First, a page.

Yahoo! knew it had been compromised by a state-sponsored hackers in 2014 despite not publicly disclosing this crucial information until 2016.
The disclosure of some internal knowledge prior to public admission of a problem in September 2016 comes from a recent SEC filling, in paragraphs covering the investigation of the security breach (extract below).
In late July 2016, a hacker claimed to have obtained certain Yahoo user data. After investigating this claim with the assistance of an outside forensic expert, the company could not substantiate the hacker's claim. Following this investigation, the company intensified an ongoing broader review of the company's network and data security, including a review of prior access to the company's network by a state-sponsored actor that the company had identified in late 2014. Based on further investigation with an outside forensic expert, the company disclosed the security incident on September 22, 2016, and began notifying potentially affected users, regulators, and other stakeholders.
User account information taken included "names, email addresses, telephone numbers, dates of birth, hashed passwords (the vast majority with bcrypt) and, in some cases, encrypted or unencrypted security questions and answers" related to at least 500 million accounts was stolen from Yahoo! in late 2014. "We believe the user account information was stolen by a state-sponsored actor," the internet giant said in its SEC filling. Payment card information was not held on the affected system.
It's unclear how many in Yahoo! know about problems in late 2014.
Neil Fraser, UK Manager at ViaSat, commented: "For whatever reason, it seems Yahoo! has deliberately delayed sharing critical information. It is this which will have the greatest effect not only on customer trust, but ultimately its reputation."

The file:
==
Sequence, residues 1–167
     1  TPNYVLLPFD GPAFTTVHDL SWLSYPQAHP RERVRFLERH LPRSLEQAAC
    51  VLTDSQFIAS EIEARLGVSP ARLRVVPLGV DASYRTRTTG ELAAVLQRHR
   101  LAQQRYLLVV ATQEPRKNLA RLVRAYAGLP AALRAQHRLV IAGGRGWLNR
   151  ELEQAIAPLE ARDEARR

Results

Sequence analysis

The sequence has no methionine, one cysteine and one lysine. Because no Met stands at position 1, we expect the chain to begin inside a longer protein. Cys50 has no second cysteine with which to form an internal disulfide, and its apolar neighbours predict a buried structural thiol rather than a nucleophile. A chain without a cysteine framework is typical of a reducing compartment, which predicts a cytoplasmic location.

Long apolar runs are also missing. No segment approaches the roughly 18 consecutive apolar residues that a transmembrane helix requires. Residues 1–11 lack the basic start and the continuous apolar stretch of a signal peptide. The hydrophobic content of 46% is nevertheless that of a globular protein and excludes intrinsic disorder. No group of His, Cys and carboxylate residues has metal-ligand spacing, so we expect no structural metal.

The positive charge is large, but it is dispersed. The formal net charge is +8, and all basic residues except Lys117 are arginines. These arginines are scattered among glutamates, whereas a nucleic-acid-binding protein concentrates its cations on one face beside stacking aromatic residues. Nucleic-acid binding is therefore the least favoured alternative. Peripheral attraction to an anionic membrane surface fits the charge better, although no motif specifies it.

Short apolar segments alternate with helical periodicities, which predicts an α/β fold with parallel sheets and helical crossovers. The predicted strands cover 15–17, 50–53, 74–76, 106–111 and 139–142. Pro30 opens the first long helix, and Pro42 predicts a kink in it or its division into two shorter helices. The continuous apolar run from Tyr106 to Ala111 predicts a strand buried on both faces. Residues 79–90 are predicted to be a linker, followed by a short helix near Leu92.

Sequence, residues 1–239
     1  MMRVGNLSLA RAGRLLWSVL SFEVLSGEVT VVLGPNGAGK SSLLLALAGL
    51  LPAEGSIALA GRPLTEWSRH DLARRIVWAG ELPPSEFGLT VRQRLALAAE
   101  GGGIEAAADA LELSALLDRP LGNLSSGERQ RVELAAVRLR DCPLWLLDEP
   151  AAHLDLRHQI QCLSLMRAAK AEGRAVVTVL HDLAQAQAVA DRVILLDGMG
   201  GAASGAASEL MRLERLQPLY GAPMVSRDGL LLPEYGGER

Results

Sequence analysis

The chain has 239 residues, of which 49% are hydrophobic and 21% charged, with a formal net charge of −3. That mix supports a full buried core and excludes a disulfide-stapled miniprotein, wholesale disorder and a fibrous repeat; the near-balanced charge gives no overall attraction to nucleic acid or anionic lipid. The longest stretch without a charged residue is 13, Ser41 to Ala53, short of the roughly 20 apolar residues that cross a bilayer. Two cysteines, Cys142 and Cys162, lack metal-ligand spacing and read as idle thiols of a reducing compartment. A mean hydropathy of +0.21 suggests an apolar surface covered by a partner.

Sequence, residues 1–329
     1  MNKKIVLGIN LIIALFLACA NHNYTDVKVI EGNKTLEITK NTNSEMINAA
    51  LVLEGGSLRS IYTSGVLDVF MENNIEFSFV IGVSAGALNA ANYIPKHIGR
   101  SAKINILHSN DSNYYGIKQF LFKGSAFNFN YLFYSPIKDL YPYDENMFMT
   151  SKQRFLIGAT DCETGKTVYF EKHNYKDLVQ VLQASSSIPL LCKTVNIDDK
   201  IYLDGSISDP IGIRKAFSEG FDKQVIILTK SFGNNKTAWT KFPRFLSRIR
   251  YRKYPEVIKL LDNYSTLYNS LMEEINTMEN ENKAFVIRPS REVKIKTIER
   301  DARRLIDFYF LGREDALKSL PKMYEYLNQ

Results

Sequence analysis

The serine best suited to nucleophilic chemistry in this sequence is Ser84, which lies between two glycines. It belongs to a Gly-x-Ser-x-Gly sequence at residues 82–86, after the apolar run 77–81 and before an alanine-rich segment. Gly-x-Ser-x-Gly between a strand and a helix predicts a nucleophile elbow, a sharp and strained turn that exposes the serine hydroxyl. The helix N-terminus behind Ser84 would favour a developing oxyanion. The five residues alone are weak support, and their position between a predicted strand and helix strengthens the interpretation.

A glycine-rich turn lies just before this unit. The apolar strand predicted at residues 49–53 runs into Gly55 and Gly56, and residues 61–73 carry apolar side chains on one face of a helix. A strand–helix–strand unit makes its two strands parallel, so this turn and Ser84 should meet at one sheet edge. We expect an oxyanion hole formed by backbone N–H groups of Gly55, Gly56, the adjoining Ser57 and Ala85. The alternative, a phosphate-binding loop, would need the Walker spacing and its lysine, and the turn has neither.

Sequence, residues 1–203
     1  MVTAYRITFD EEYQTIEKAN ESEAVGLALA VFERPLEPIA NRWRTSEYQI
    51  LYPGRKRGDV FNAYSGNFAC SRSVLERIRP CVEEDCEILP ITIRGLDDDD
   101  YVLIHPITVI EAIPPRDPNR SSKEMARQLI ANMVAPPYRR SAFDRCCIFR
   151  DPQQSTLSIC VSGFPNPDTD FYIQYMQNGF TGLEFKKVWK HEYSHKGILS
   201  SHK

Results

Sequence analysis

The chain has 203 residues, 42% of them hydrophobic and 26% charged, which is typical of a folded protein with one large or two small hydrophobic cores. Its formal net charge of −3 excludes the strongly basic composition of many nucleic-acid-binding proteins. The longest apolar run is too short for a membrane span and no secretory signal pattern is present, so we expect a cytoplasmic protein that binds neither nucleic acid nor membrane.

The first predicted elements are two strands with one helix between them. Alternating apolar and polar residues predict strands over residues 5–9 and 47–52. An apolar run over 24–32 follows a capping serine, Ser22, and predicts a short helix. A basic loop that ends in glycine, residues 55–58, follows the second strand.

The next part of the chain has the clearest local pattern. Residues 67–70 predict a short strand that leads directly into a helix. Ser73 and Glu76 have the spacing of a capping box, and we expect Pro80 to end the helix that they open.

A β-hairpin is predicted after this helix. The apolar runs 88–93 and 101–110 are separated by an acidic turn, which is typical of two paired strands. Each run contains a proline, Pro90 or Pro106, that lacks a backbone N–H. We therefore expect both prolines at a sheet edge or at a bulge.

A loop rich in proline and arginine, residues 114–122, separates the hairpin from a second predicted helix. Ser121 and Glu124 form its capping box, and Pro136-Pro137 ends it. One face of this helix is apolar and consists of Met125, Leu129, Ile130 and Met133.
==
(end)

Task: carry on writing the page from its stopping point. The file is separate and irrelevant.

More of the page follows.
Failure to act when problems first surfaced two years ago have left Yahoo! with problems on multiple fronts. The company faces 23 lawsuits over the security breach. In addition, the breach has cast a shadow over Yahoo's plans to sell itself to Verizon for $4.8 billion.
Yahoo! chief exec Marissa Mayer reportedly clashed with Yahoo! CISO Alex Stamos (who left to become Facebook's security chief in mid-2015) over investment in improved security controls and even about resetting users passwords. It's easy to be wise after the fact but what makes this stance even harder to understand is that the 2014 breach was far from unprecedented. Yahoo! also suffered breaches in 2012 and 2009, veteran security watcher Graham Cluley notes. The latter incident was also blamed on state-sponsored hackers from China who also hit Google as part of "Operation Aurora".
Yahoo!, with the help of outside forensic experts and under the watch of US law enforcement agencies, is continuing to investigate its latest and most high-profile breach. This investigation is continuing to throw up findings of interest to the wider security community, as disclosed in its quarterly 10-Q filling to the SEC.
The forensic experts are currently investigating certain evidence and activity that indicates an intruder, believed to be the same state-sponsored actor responsible for the security incident, created cookies that could have enabled such intruder to bypass the need for a password to access certain users' accounts or account information.
Separately, on November 7, 2016, law enforcement authorities began sharing certain data that they indicated was provided by a hacker who claimed the information was Yahoo! user account data. Yahoo! will, with the assistance of its forensic experts, analyze and investigate the hacker's claim that the data is Yahoo! user account data.
Making a hash of security
Independent security vendors are already asking pointed questions about Yahoo's security response.
Yahoo! was still using cryptography (MD5 hashes) known to be vulnerable for years beforehand, according to an analysis by Venafi Labs in September 2016 of data held on TrustNet, a global database of certificate intelligence. This data showed that 27 per cent of the certificates on external Yahoo! websites had not been reissued since January 2015, months after hackers were known to have breached its systems.
"Replacing certificates after a breach is a critical mitigation practice; unless certificates are replaced, breached organisations cannot be certain that attackers do not have ongoing access to encrypted communications," Venafi Labs argues. ®